To pleas that we forgive the president and move on, the senator notes that forgiveness is a spiritual not a political concept. "The state's role is to enforce the law and implement justice," not to grant absolution. The same may be said of the body politic.

"If all a person had to do was confess to avoid consequences, confessions would constitute a license to do wrong, granted after the fact," Ashcroft observes. "That would give us a lot of forgiveness and a lawless society."

Unlike the smarmy scoundrel in the White House, he doesn't blubber and rush to lock us in a consoling embrace. Instead, he speaks moral sense from America's heartland.

To relax, John Ashcroft plays the piano -- like another Missouri senator. And, like Harry Truman, Ashcroft's plain talking echoes with the virtues that made America -- well, America.


8/26/98: Public opinion be damned
8/24/98: Why liberals condone Clinton's lies
8/20/98: Time to move on -- to impeachment
8/12/98: With Bubba in the sexual privacy zone
8/10/98: The truth won't set Clinton free
8/06/98: Truth about Hiroshima is incontrovertible
8/04/98: Clinton not the first hollow president
7/30/98: "Small Soldiers" -- a fractured Vietnam allegory
7/27/98: Crime wave hits hometown
7/22/98: Love in an Internet fishbowl
7/20/98: Ads bring ex-gay movement out of closet
7/15/98: Brian and Amy -- the children of Roe
7/13/98: Why are we scared of obnoxious 'activists?'
7/6/98: Fonda still resists reality
7/1/98: New York blesses domestic partnerships
6/29/98: Teddy and Calvin stood for virtue
6/24/98: Will Clinton betray Taiwan?
6/22/98: Big tobacco? What about big casinos?
6/15/98: Religion -- God for what ails you
6/10/98: Planning Clinton's China itinery
6/8/98: Republicans' Custer offers advice
6/4/98: Oh, Dems Christian-bashers!
6/2/98: Goldwater did conservatives more harm than good
5/27/98: A Clinton-hater confesses
5/15/98: Giuliani's assault on marriage
5/13/98: Hillary knows what's best for everyone
5/11/98: To honor her would not be honorable
5/6/98: Conservative chasm: pragmatism vs. worship of marketplace
5/4/98: Anglo-saxon me
4/29/98: Needle exchange programs are assisted-suicide
4/27/98: Chretien's mission of mercy to Fidel
4/22/98: School-choice is a religious freedom issue
4/20/98: Corporate execs deliver body parts to Beijing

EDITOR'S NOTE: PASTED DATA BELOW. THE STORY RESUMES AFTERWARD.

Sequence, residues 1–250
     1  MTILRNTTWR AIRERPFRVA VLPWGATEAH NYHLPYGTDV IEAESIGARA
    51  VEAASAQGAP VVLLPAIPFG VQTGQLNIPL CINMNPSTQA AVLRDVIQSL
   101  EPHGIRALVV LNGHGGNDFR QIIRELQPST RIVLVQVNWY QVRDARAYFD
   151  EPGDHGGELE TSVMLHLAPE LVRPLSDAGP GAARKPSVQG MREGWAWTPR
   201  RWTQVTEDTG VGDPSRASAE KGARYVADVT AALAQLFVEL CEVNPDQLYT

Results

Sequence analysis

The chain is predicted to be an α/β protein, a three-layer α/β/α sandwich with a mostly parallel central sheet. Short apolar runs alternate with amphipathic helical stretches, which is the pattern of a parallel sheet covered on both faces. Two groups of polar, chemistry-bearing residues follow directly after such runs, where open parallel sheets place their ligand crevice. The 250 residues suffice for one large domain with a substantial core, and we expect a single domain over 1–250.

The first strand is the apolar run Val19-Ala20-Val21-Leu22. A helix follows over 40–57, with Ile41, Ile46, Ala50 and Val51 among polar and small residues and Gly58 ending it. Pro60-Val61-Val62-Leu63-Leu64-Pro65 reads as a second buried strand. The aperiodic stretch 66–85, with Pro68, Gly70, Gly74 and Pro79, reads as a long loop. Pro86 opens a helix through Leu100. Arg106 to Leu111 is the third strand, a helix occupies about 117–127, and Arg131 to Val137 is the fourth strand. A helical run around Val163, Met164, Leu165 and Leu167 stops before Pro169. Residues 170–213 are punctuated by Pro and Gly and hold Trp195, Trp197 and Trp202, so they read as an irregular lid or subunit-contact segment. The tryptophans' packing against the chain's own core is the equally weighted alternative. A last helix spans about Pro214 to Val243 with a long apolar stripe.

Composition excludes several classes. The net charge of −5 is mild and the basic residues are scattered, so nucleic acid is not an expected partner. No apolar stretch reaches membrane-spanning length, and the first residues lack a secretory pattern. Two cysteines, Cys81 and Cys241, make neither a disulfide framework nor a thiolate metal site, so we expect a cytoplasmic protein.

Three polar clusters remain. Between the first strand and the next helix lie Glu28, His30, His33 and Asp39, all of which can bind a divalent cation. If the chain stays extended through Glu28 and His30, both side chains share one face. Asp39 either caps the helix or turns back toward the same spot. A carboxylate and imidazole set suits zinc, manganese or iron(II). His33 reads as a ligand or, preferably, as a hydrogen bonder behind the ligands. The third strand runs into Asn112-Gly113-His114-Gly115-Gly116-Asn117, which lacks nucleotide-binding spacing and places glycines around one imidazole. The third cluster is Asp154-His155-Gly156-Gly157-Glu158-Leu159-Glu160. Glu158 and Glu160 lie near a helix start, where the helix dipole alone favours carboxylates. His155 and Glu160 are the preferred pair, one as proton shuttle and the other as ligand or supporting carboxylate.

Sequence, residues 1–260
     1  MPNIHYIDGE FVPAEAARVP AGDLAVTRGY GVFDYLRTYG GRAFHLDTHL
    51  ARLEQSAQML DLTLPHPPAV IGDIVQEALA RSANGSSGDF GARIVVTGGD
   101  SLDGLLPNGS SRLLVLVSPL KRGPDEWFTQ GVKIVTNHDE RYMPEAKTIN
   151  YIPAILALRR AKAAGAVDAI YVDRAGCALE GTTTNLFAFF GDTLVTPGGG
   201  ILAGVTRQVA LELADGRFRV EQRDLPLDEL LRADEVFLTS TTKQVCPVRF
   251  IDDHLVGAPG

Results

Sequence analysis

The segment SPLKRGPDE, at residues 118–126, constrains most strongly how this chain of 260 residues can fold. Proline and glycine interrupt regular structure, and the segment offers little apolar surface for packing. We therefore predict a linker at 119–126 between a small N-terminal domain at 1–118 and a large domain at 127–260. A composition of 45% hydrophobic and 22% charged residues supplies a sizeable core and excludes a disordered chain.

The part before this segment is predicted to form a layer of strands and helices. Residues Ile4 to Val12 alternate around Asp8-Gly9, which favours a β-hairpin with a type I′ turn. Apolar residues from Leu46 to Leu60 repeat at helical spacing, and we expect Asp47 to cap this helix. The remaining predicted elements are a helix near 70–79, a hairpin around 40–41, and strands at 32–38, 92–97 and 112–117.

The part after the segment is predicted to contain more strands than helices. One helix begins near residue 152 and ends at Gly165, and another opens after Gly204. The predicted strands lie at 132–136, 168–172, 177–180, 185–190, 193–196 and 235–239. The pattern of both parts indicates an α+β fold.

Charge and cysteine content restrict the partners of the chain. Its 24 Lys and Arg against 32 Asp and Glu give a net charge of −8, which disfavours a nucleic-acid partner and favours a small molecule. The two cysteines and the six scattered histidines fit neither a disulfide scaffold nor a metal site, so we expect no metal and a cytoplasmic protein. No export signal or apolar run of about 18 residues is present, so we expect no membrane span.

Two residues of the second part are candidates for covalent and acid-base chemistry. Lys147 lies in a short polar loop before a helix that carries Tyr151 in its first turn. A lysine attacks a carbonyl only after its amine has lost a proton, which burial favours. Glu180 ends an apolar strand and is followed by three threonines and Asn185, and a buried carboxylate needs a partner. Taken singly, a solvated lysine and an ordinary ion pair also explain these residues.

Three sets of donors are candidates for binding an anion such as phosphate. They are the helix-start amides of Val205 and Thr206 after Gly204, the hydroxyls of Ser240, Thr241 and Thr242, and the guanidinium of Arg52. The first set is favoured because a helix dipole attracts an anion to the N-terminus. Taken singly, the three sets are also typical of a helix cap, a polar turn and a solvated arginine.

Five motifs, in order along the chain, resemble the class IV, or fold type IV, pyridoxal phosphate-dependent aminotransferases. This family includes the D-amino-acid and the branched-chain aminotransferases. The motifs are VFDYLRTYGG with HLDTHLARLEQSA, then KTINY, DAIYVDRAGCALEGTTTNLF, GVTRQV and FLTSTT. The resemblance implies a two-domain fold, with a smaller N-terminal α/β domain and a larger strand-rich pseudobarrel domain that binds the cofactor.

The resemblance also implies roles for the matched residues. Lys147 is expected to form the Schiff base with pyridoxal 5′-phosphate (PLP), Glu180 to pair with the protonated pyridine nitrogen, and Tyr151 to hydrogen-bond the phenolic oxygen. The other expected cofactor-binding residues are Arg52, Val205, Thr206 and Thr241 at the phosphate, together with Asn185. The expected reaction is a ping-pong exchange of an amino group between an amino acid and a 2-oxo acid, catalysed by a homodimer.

4/14/98: National sales tax --- looks better all the time
4/13/98: The U.N. sinister? Hey, where did that idea come from?
4/8/98: Unions fight workers rights in 226 campaign
3/30/98: Africa's leaders should apologize
3/25/98: GOP shouldn't look to media for advice
3/22/98: You should care about Clinton's 'private life'
3/19/98: Color-coded reading, product of obsessive minds
3/16/98: Amendment will end exile of G-d from our public lives
3/9/98: Havana will break your heart
3/2/98: Vouchers Terrify Teachers' Union
2/25/98: Presidential politics starts at a resort hotel
2/23/98: Hillary's support comes at a price
2/18/98: How many times must we say "no" to gay rights?
2/16/98: Enoch Powell spoke the truth on immigration
2/11/98: Bubba behaving badly
2/9/98: A conservative dissent on the flag-burning amendment
2/5/98: We get the leaders we deserve
2/2/98: Send a signal that could penetrate boardroom doors
1/27/98: State of the president: hollow rhetoric
1/25/98: For Monica's playmate, we have no one to blame but ourselves
1/22/98: At Yale, bet on yarmulke over gown
1/19/98: Commission tackles America's fastest-growing addiction, gambling
1/15/98: Capital punishment and the hard case: no exceptions for Karla Faye Tucker
1/12/98: Partial-birth abortion and the GOP's future: the "big tent" meets truth in advertising
1/8/98: IOLTA: the Left's latest scam to crawl into our pockets
1/5/98: Connect the dots to create a terrorist state
1/1/98: The Unacceptables of 1997: Long may they rave
12/28/97: Hypocrisy is a liberal survival mechanism
12/23/97: Chanukah is no laughing matter
12/22/97: No merry Christmas for persecuted Christians around the world
12/18/97: Bosnia, Haiti, and how not to conduct a foreign policy

©1998, Boston Herald; distributed by Creators Syndicate, Inc.